Harris considered only briefly, then announced, “We’ll turn back, but making a wide slow turn; that way, passengers shouldn’t notice. Then we’ll have Gwen Meighen locate this guy they’re worried about, because it’s a sure thing one of us can’t show up in the cabin, or we’ll alert him.” He shrugged. “After that, I guess we play it by ear.”

“Okay,” Demerest assented. “You get us faced around; I’ll handle the cabin end.” He depressed the stewardess call button, using a three-ring code to summon Gwen.

On a radio frequency he had been using earlier, Anson Harris called air route control. He announced laconically, “This is Trans America Two. We seem to have a problem here. Request clearance back to Lincoln, and radar vector from present position to Lincoln.”

Harris’s swift reasoning had already ruled out landing at an alternate air-port. Ottawa, Toronto, and Detroit, they had been informed at briefing, were closed to air traffic because of the storm. Besides, to deal with the man they were concerned about back in the cabin, the crew of Flight Two needed time. Returning to Lincoln International would provide it.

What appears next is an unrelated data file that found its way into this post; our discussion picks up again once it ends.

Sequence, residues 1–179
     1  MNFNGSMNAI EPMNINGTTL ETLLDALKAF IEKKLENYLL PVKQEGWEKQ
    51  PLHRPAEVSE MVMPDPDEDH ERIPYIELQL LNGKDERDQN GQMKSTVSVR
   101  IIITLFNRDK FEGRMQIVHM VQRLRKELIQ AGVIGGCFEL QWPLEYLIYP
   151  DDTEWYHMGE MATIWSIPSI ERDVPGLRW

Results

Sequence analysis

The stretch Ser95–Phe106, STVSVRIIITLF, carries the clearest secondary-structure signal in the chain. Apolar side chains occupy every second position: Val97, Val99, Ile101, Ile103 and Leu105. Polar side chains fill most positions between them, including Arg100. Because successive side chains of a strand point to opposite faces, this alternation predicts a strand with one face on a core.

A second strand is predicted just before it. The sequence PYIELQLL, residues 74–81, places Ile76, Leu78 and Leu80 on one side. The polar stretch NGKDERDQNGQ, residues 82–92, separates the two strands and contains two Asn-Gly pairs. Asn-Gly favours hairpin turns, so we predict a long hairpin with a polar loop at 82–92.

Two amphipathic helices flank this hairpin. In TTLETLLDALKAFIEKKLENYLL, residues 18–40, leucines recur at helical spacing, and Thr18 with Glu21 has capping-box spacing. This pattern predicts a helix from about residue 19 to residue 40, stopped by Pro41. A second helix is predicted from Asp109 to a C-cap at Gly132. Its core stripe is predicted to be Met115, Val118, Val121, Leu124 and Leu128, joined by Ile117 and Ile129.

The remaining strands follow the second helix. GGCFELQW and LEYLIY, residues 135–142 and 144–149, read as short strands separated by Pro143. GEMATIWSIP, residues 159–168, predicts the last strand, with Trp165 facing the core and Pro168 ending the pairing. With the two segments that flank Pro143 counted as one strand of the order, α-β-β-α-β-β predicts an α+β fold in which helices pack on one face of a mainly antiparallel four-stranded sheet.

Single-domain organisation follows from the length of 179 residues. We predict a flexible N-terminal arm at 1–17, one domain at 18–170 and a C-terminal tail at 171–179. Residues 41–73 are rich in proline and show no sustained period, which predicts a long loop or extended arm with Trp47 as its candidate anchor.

He had no doubt that Demerest had reached the same conclusion.

From Toronto Air Route Center, more than six miles below, a controller’s voice responded. “Trans America Two, Roger.” A brief pause, then: “You may begin a left turn now to heading two seven zero. Stand by for an altitude change.”

“Roger, Toronto. We are commencing the turn. We’d like to make it wide and gradual.”

“Trans America Two. A wide turn approved.”

The exchange was low key, as such exchanges usually were. Both in the air and on the ground there was mutual awareness that most would be gained by calm, least by dramatics or excitement. By the nature of Flight Two’s request, the ground controller was instantly aware that an emergency–real or potential–existed. Jetliners, in flight at cruising altitude, did not abruptly reverse course without a major reason. But the controller also knew that if and when the captain was ready, he would officially declare an emergency and report its cause. Until then, the controller would not waste the time of the crew–undoubtedly occupied with urgent business of their own–by asking needless questions.